“Aucklanders are copping the brunt of the Government’s push to frustrate motorists out of cars. When the Auckland regional fuel tax is factored on top of the extra fuel taxes and GST motorists will pay, the tax grab is an eye-watering $1.7 billion.
“The extra tax they’re going to collect is more than the cost of the Waterview Tunnel or the Transmission Gully motorway. But despite paying all this tax, the only thing being offered to motorists in return is the chance to go slower through a reduction to speed limits.
“For the typical Auckland motorist who fills up their tank about once a week, this will see them pay more than $1500 in extra tax over three years.
“This Government clearly doesn’t have motorists’ wellbeing at heart given these taxes will flow through into broader cost of living pressures.
“It stings even more that the Government hasn’t built a single new road, yet it has cancelled, delayed or gutted a dozen major transport projects – such as the East West Link, a decent road north of Tauranga, south from Christchurch and in many other places.”
A reported shortfall in funding for planned Auckland transport projects shows more incompetence and broken promises from the Government, National’s Transport spokesperson Paul Goldsmith says.
“The Government has stopped bunch of projects that were ready to go, and is not making progress on replacements. It has, however, cancelled, delayed or gutted several critical road projects that were in the pipeline, including the East/West Link and a second main road south so it can throw billions at light rail down Dominion Road.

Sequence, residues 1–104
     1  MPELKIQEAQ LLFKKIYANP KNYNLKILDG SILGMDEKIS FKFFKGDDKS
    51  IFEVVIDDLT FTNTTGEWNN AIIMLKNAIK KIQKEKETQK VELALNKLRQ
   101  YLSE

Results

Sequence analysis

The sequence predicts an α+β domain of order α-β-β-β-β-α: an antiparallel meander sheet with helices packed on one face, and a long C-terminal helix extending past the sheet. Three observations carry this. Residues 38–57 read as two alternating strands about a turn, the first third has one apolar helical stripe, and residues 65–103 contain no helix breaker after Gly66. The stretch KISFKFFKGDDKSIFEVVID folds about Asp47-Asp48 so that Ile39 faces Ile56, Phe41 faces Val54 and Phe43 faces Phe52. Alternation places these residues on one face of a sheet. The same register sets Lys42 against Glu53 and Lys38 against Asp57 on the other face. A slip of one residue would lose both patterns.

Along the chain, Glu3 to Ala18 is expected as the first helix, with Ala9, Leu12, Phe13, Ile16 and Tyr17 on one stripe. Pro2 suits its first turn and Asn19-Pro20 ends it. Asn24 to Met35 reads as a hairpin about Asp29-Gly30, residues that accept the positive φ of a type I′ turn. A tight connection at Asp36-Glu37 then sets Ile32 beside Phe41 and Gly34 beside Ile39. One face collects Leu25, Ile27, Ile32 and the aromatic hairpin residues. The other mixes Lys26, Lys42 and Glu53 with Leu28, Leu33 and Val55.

“The Government needs to answer what is happening with the East/West Link. Aucklanders want action and want to know what improvements it plans to make to Auckland’s congested motorways.
“Phil Twyford has shown that he’s world class at stopping projects but so far he’s delivered nothing in replacement.
“The Government is also responsible for chaos and dysfunction at NZTA, which isn’t helping.
“National had a comprehensive transport plan. We would spend taxpayers’ hard earned money well to get them moving.”
Associate Transport Minister Julie Anne Genter’s comments that a “huge percentage” of New Zealanders want speed limits to drop shows how out of touch she is with the public, National’s Transport spokesperson Paul Goldsmith says.
“We all want safer roads, but I don’t buy that a majority of New Zealanders want Julie Anne Genter to cycle from Kaitaia to Bluff, putting a line through every 100kmh sign she sees along the way.
“Her recent comments attacking some motorists as being ‘car fascists’ reinforce the real fear that the Government’s core transport policy is to frustrate motorists out of their cars.
“The reality is, New Zealanders lead busy lives and don’t want the Government telling them they need to operate at a slower pace. They would rather see their tax dollars spent on new, high-quality roads that are safe for them drive on at 100kmh, but this Government hasn’t built a single new road.
“It has, however, cancelled, delayed or gutted a dozen major transport projects that were in the pipeline, so it can throw billions at light rail for commuters in Auckland and Wellington.
“Drastically cutting speed limits to improve road safety is too simplistic. It would further isolate people living in regional New Zealand and pull the handbrake on our economy by hindering the movement of freight.
“If the Government is serious about wanting to save lives then it will reverse its policy of not investing in quality new roads, act on drugged drivers by introducing roadside drug testing and put more money into road safety policing, which saw a cut, in real terms, in this year’s Budget.”
A wholesale reduction in speed limits could do more harm than good by further isolating regional New Zealand and weakening the economy, National’s Transport spokesperson Paul Goldsmith says.